Book Review: Rain Will Come by Thomas Holgate

“Now what separates you and me from him, from that, is that our sense of right and wrong — moral and immoral — is stronger than our basest urges. We may think, but we don’t act. It’s the difference between madmen and, well, men.”

Set to be released next month, Thomas Holgate‘s debut novel Rain Will Come follows Paul Czarcik, a broken detective in the Illinois Bureau of Judicial Enforcement who, ruthless and riddled with vices, always gets his man. Until now. When the detective connects the murder of a couple to the murder of a high-profile Texas judge, Czarcik realizes something bigger is going on. It’s the work of a serial killer. Now, he’s inviting Czarcik to play catch-me-if-you-can on a cross-country murder spree. Going rogue, Czarcik accepts the challenge.

Rating:

This is my Amazon First Reads selection for March 2020. You can get a free book every month by joining Amazon Prime, which you can do with a free trial here.

Rain Will Come is Thomas Holgate’s first book, having previously written films, TV series, nonfiction books, and magazine articles. His experience with writing is obvious as this is a complex and in-depth thriller with great attention to detail.

As the killer is revealed early on, the story is more of a cat-and-mouse chase than a whodunnit. We know who the killer is and begin to understand his motives, as the book begins to explore the mechanics of the human brain – of how we come to identify between right and wrong – and the sometimes-thin line between good (defending the bad for the protection of others) and evil (doing it for your own pleasure).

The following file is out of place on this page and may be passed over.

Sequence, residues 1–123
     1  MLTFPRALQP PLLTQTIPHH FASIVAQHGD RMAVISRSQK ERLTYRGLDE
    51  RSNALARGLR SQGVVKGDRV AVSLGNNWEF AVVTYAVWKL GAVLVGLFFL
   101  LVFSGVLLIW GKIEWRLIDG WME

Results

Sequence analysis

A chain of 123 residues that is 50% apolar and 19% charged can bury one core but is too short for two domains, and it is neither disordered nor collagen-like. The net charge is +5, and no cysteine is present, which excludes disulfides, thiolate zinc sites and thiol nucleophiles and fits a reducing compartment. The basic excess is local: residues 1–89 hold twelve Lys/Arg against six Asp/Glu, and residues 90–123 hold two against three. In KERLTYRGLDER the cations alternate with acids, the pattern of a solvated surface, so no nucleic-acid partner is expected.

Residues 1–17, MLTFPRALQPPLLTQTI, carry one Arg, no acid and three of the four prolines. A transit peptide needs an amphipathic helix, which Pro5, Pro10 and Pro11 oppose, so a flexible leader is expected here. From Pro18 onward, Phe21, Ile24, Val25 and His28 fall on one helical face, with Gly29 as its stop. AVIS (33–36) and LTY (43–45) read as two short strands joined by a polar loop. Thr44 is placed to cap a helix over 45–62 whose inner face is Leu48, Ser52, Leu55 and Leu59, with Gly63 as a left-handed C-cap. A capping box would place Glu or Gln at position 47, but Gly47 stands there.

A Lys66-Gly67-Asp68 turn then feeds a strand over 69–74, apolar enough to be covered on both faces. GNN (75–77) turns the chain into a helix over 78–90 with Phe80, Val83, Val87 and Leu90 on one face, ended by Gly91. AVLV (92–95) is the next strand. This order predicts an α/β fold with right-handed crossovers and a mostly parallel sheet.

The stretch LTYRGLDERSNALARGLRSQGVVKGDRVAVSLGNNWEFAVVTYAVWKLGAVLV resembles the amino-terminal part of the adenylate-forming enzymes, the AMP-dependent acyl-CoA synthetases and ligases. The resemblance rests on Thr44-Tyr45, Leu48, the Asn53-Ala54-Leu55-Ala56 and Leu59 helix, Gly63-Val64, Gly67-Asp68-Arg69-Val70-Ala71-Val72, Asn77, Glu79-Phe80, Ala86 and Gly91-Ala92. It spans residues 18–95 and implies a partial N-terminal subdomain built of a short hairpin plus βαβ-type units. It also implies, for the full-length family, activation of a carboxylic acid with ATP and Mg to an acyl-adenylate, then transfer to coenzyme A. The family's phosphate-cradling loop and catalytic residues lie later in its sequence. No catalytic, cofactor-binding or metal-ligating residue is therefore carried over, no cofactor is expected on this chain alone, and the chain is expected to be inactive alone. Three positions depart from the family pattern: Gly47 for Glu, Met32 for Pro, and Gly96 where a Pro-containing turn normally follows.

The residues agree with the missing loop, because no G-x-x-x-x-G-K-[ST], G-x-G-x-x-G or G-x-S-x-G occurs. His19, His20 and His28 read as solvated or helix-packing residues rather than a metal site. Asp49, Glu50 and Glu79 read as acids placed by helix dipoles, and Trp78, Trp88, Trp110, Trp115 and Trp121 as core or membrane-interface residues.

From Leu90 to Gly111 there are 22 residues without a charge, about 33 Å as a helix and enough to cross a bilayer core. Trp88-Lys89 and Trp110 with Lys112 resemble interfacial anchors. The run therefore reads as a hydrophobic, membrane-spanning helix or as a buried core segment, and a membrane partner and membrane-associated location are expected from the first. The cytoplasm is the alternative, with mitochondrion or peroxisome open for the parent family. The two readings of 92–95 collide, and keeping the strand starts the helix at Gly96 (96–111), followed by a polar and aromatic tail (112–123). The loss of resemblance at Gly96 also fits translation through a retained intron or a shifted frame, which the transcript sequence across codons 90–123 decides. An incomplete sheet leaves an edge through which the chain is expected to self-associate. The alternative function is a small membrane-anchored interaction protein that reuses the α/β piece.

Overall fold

I found the book difficult to get into at the start but I couldn’t figure out why. I soon realised, however, that it’s because I’ve never read a detective thriller written by a male author before. This is my favourite genre for books, but I’ve only read them by females authors. Isn’t that crazy? I hadn’t even thought about that until now.

But you can tell that Rain Will Come is written by a man, as the story is very sadistic and gruesome. Gruesome isn’t something that I have a problem with, but I think it’s more about how upfront Holgate is in his writing. Our lead character, as well, likes escorts and cocaine, and he acts however he pleases. He’s brutish and hard-edged, but definitely in a more uncompromising way than how a woman would have written him.

Czarcik certainly isn’t the most likeable of characters, but he is such a well-developed one that we can easily forgive him for his vices. With the story often giving flashbacks into his past to explain his behaviour and attitudes, there’s a lot of time spent on allowing the reader to get to know him. This is really important in a story like this because we need to be rooting for him to catch this twisted killer. But his motives are strong and he puts his career on the line in the line of justice, as we get to see both the good and bad in the protagonist and the antagonist.

You can buy the book here